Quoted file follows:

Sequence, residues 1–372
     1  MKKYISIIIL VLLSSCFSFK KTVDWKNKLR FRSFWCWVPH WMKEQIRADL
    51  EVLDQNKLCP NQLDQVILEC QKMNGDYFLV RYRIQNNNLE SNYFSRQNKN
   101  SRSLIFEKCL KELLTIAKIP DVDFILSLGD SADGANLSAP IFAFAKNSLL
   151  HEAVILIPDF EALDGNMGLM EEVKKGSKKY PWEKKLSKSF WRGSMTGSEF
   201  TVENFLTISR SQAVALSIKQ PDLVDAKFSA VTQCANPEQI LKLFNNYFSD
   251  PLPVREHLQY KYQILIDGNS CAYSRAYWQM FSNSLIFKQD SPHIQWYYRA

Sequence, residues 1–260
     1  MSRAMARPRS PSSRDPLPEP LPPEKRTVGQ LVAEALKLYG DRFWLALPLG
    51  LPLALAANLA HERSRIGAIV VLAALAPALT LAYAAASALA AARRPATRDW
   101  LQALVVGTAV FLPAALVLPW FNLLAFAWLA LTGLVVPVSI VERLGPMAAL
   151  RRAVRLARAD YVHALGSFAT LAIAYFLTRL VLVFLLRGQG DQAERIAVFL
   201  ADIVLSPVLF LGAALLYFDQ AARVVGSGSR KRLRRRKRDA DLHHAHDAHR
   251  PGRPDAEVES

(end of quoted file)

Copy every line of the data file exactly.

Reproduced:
Sequence, residues 1–372
     1  MKKYISIIIL VLLSSCFSFK KTVDWKNKLR FRSFWCWVPH WMKEQIRADL
    51  EVLDQNKLCP NQLDQVILEC QKMNGDYFLV RYRIQNNNLE SNYFSRQNKN
   101  SRSLIFEKCL KELLTIAKIP DVDFILSLGD SADGANLSAP IFAFAKNSLL
   151  HEAVILIPDF EALDGNMGLM EEVKKGSKKY PWEKKLSKSF WRGSMTGSEF
   201  TVENFLTISR SQAVALSIKQ PDLVDAKFSA VTQCANPEQI LKLFNNYFSD
   251  PLPVREHLQY KYQILIDGNS CAYSRAYWQM FSNSLIFKQD SPHIQWYYRA

Sequence, residues 1–260
     1  MSRAMARPRS PSSRDPLPEP LPPEKRTVGQ LVAEALKLYG DRFWLALPLG
    51  LPLALAANLA HERSRIGAIV VLAALAPALT LAYAAASALA AARRPATRDW
   101  LQALVVGTAV FLPAALVLPW FNLLAFAWLA LTGLVVPVSI VERLGPMAAL
   151  RRAVRLARAD YVHALGSFAT LAIAYFLTRL VLVFLLRGQG DQAERIAVFL
   201  ADIVLSPVLF LGAALLYFDQ AARVVGSGSR KRLRRRKRDA DLHHAHDAHR
   251  PGRPDAEVES